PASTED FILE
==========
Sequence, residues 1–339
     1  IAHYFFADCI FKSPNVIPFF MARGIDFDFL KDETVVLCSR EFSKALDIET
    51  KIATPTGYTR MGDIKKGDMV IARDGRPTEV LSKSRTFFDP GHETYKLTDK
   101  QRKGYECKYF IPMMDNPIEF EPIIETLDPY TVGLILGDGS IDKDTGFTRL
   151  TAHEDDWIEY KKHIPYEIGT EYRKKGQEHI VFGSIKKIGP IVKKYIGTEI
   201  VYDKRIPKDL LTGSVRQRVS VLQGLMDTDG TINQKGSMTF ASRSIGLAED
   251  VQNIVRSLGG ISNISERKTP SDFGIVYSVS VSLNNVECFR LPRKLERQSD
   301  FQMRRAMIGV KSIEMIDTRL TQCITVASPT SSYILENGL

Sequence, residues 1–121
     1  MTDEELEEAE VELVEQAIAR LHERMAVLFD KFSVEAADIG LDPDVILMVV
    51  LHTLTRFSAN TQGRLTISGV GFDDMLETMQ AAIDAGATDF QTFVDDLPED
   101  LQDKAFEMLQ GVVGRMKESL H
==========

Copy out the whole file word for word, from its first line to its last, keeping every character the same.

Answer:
Sequence, residues 1–339
     1  IAHYFFADCI FKSPNVIPFF MARGIDFDFL KDETVVLCSR EFSKALDIET
    51  KIATPTGYTR MGDIKKGDMV IARDGRPTEV LSKSRTFFDP GHETYKLTDK
   101  QRKGYECKYF IPMMDNPIEF EPIIETLDPY TVGLILGDGS IDKDTGFTRL
   151  TAHEDDWIEY KKHIPYEIGT EYRKKGQEHI VFGSIKKIGP IVKKYIGTEI
   201  VYDKRIPKDL LTGSVRQRVS VLQGLMDTDG TINQKGSMTF ASRSIGLAED
   251  VQNIVRSLGG ISNISERKTP SDFGIVYSVS VSLNNVECFR LPRKLERQSD
   301  FQMRRAMIGV KSIEMIDTRL TQCITVASPT SSYILENGL

Sequence, residues 1–121
     1  MTDEELEEAE VELVEQAIAR LHERMAVLFD KFSVEAADIG LDPDVILMVV
    51  LHTLTRFSAN TQGRLTISGV GFDDMLETMQ AAIDAGATDF QTFVDDLPED
   101  LQDKAFEMLQ GVVGRMKESL H